DDPR arbitrators on go slow

DDPR arbitrators on go slow

MASERU-THE Directorate of Dispute Prevention and Resolution (DDPR)’s arbitrators have embarked on a go slow that has ground labour cases to a halt.

That means if you have a dispute with an employer today your case is unlikely to be resolved soon.
This is happening at a time when the DDPR is already struggling to keep up with a surge in the number of labour cases triggered by the Covid-19 pandemic.

In the past six months companies have shut down, retrenched or cut salaries, resulting in a huge increase in the number of cases in the DDPR.
The arbitrators are protesting against what they see as an unfair cut to their salaries.

Some arbitrators told thepost last night that the dispute has been dragging on for years.
Central to their argument is that their salaries have been significantly reduced since their contracts were changed from fixed term to contract.
They want to be at the same salaries they earned when they were on fixed contracts.

As the Ministry of Labour battles to deal with that crisis, another storm is also brewing within the DDPR.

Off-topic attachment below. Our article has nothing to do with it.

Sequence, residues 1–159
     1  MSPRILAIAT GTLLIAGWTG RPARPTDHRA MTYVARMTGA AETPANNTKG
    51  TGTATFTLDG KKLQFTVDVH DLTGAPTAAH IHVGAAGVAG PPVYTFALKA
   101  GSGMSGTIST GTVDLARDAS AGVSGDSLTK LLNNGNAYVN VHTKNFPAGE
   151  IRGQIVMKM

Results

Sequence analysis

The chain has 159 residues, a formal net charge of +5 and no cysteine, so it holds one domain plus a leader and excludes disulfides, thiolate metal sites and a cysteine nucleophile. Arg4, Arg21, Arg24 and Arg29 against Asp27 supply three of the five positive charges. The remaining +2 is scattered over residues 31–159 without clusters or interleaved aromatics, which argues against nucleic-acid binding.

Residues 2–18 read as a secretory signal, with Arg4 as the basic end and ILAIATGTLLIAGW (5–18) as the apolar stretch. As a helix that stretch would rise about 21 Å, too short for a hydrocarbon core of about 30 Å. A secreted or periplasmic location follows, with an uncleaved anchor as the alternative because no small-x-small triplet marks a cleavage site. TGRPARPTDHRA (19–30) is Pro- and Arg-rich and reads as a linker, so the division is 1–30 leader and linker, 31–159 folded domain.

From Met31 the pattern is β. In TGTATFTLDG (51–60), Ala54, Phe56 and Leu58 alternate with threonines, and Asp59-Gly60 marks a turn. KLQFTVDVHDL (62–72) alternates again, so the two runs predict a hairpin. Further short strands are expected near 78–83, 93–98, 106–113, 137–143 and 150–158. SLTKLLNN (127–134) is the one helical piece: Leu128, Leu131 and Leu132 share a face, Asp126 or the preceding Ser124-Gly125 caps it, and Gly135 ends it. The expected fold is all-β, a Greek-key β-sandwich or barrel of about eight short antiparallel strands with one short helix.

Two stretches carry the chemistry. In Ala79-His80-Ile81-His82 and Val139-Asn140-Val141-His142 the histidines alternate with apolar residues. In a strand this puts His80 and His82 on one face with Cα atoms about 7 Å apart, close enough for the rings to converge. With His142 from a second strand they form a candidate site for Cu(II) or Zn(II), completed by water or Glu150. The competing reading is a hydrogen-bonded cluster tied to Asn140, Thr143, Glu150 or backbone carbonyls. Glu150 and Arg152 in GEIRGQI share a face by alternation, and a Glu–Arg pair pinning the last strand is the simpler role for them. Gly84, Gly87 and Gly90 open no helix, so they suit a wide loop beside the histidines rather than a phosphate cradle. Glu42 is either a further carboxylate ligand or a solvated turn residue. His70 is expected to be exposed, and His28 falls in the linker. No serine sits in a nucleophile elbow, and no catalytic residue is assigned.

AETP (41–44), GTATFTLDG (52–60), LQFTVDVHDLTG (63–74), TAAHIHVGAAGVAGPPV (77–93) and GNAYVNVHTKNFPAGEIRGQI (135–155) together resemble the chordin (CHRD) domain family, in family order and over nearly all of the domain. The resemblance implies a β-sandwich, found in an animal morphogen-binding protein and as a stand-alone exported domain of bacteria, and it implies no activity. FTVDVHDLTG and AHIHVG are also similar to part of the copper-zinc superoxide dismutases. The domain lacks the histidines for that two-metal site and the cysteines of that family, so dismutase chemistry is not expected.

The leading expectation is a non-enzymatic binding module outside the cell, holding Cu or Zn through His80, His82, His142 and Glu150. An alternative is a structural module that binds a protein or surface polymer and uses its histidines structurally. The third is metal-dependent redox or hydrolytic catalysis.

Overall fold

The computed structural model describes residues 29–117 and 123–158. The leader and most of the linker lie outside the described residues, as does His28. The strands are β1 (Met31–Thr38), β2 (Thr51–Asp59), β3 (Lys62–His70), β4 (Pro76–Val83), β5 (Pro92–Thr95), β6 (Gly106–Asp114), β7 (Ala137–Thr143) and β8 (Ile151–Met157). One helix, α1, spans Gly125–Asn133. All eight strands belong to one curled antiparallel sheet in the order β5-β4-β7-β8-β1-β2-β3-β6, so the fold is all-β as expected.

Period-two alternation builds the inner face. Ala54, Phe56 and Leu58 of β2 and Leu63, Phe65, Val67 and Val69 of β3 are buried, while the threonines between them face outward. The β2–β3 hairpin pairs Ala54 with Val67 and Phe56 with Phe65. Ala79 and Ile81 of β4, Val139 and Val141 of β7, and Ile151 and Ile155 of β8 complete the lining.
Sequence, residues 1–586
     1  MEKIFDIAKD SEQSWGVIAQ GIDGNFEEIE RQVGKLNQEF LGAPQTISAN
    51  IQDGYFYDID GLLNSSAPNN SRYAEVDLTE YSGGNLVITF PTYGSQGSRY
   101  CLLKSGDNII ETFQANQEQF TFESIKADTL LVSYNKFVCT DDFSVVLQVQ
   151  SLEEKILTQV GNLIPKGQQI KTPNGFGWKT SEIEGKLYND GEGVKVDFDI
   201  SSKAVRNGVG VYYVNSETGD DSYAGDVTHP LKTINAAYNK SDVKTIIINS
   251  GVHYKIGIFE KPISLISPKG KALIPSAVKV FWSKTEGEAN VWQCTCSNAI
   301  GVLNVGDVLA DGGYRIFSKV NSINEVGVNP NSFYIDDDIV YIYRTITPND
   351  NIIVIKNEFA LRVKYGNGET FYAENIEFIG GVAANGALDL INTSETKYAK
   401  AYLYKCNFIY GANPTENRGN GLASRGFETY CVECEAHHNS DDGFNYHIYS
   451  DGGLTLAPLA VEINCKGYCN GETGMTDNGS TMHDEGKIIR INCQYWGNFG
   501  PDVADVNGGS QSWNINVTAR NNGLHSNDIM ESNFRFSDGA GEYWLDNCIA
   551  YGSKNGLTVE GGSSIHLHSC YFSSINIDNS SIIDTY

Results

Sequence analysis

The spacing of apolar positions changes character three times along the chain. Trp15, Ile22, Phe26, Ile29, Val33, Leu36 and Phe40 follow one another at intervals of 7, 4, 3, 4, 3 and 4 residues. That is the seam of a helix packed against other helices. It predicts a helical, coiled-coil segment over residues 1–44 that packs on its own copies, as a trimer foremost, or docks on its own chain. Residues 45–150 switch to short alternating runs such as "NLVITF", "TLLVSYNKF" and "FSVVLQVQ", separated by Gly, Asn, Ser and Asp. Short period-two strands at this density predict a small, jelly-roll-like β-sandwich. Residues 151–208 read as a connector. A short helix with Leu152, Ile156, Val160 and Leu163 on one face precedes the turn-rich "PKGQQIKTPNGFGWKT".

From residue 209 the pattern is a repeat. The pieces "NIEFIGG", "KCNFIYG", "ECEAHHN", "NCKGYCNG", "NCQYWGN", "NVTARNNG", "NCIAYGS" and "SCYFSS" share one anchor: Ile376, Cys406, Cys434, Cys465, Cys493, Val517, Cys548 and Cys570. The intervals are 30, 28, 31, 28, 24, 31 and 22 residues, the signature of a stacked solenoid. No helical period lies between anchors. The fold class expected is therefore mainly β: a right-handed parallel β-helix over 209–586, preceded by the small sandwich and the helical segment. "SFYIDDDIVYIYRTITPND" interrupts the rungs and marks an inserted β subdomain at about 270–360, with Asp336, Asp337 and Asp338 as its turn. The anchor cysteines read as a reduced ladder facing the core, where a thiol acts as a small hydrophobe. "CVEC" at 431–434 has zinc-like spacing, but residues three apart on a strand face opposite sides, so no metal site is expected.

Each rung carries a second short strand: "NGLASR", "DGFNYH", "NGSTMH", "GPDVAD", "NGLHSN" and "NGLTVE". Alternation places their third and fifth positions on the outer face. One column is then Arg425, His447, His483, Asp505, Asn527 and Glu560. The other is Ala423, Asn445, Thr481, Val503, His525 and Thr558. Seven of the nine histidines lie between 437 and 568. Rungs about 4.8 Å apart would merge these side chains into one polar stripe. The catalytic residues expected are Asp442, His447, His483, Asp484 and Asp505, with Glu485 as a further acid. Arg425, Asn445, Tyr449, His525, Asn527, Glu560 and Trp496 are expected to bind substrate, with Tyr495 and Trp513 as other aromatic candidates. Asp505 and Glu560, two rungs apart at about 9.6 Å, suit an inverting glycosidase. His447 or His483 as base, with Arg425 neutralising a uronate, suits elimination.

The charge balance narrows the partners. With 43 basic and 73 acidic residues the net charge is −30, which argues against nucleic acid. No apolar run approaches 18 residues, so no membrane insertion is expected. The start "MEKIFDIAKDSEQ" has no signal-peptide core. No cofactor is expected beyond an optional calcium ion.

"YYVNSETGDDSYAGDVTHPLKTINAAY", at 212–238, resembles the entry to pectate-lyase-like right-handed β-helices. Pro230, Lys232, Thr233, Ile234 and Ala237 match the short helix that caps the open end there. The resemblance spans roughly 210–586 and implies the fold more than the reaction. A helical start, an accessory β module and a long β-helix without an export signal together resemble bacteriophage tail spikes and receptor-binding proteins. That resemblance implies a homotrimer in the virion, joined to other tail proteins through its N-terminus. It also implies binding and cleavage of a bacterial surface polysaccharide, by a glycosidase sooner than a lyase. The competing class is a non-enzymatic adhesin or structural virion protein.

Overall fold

thepost understands that some DDPR employees have told authorities that any increase on the arbitrators’ salary should apply to everyone because they are under the same structure.

’Mamolise Falatsi, the Ministry of Labour and Employment’s information officer, told thepost that the dispute started in 2016.
Falatsi however said the ministry does not decide how much DDPR employees get.
“We do not determine how much the DDPR workers would earn through their structure made when the DDPR was established,” Falatsi said.
She said the labour ministry has been pleading with the Ministry of Finance to allocate more money to the DDPR.

“We have even submitted that proposal or request to finance and we are waiting for their response,” Falatsi said.
“The issue was not caused by the ministry but the grant. The budget of DDPR is added to the one for the ministry and sent to the Ministry of Finance,” Falatsi said.

“So it is up to the Finance Ministry to determine how much they will give each department.”
“The issue of not getting exactly the amount requested is caused by the Finance Ministry as they are the ones who cut it.”
Tšepang Makakole, a trade unionist, said the go slow is a blow to employees.
He said the action comes at a time when the unions have already asked the government to increase the number of arbitrators.

Nkheli Liphoto

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